I love history and I love archeological things like that. When we were in Africa, the father of a girl who went to school with us ran a big mine. It was a diatomite mine. They lived in in the next town over and we went visit one weekend. Before we got to the mine, there was a pull-off for an archeological exhibit that had been setup. It had displays with these incredible hand axes and other artifacts made by some of the earliest ancestors of humans — 750,000 year old! They were just sitting out there on a table and I went nuts! We had to pull over the car and I had to touch these things, read all about them and read all the signs. Finally, we finished and went to meet the father of my sister’s friend. I go into his office and he’s got these hand axes, these artifacts, everywhere. They’re on top of the filing cabinets, they’re on the window sills, they’re stacked in the corner on the floor. My eyes bugged out of my face and my jaw dropped. He explained that there was the archaeological site on the surface that had been carefully excavated. But down underground in the mine shafts, the equipment kept popping these things out of the diatomite. There were these white-walled tunnels in the mines and the machines would kick these out. They weren’t perfect anymore, they’d have a knick out of the side where the blade hit it, but the workers would just keep giving them to him.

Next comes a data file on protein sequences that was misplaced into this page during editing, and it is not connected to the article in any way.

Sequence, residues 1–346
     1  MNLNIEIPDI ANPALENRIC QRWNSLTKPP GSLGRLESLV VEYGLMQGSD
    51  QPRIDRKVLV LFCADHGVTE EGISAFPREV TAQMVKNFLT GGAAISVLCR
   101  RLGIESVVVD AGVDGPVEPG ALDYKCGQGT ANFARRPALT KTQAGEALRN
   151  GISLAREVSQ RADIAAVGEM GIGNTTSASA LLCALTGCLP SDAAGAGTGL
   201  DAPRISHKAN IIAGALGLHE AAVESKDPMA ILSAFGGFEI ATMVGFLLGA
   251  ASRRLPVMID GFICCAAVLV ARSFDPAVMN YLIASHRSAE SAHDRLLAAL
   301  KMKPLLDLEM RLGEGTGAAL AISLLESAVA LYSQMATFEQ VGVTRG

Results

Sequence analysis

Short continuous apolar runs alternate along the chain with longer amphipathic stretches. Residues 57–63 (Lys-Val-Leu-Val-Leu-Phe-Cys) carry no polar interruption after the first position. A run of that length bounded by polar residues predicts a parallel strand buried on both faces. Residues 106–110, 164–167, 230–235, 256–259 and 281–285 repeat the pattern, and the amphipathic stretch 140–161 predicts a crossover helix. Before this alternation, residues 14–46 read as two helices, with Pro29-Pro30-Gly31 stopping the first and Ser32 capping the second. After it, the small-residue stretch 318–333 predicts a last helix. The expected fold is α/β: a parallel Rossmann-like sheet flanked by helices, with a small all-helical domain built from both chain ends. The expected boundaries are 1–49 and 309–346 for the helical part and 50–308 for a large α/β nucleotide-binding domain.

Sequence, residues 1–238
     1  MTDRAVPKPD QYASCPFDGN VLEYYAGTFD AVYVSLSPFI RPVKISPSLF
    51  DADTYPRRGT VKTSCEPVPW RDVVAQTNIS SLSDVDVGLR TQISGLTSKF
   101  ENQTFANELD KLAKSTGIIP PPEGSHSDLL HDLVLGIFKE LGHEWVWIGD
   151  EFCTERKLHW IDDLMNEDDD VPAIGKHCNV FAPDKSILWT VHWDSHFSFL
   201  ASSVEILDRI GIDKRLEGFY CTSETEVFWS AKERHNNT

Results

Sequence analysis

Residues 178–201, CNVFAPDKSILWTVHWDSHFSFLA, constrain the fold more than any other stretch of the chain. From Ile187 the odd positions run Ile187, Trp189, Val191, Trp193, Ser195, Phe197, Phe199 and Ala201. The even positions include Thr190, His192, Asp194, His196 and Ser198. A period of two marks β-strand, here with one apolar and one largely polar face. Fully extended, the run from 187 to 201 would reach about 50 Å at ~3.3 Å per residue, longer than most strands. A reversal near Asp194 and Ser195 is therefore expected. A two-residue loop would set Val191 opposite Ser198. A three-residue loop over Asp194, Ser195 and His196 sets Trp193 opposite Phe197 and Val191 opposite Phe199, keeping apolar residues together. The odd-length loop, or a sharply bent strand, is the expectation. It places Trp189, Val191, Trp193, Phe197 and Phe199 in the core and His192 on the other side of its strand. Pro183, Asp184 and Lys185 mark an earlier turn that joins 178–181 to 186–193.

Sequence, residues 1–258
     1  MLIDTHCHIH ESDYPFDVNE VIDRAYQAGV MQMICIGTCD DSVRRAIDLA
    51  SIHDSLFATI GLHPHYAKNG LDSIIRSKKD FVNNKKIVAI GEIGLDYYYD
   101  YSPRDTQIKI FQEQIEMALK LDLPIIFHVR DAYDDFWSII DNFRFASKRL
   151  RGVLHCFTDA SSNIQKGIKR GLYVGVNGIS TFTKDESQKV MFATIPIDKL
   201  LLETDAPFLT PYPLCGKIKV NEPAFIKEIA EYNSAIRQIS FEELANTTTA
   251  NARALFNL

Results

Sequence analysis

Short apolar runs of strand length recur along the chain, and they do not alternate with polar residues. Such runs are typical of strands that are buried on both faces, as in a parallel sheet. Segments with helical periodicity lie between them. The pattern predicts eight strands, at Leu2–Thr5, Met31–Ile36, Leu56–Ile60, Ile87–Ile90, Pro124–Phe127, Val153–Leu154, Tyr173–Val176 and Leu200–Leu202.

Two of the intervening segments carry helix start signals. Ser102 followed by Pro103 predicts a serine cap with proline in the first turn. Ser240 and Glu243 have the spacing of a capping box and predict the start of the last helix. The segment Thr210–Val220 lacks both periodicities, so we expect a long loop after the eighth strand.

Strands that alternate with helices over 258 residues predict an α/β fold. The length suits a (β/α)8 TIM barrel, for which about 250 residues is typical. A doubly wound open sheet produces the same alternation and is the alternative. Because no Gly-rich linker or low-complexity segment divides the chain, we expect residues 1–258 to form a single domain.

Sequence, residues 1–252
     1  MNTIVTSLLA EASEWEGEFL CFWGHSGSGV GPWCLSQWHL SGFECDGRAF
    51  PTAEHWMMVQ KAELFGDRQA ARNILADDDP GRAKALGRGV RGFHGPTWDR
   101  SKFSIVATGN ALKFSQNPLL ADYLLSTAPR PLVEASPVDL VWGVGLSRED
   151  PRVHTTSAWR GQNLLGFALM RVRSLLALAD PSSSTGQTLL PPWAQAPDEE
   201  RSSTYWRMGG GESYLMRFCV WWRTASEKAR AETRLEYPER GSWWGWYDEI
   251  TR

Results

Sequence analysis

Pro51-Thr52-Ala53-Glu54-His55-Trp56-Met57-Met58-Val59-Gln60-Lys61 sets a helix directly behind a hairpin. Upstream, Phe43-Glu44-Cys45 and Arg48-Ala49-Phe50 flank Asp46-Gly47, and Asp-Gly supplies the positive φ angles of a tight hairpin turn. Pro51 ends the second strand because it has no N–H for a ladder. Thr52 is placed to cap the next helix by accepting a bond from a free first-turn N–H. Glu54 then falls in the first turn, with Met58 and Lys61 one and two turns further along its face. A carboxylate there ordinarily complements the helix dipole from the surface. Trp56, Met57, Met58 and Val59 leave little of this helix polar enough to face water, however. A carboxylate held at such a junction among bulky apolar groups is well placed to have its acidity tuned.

So, he reached over and grabbed one of these things off of his windowsill and gave it to me. It’s a 750,000 year old hand axe. I still have it safely locked away. I’ll give it to a museum eventually, but I love this thing so much. It’s one of the most prized things I’ve ever had and that I’ve ever been able to touch in my life.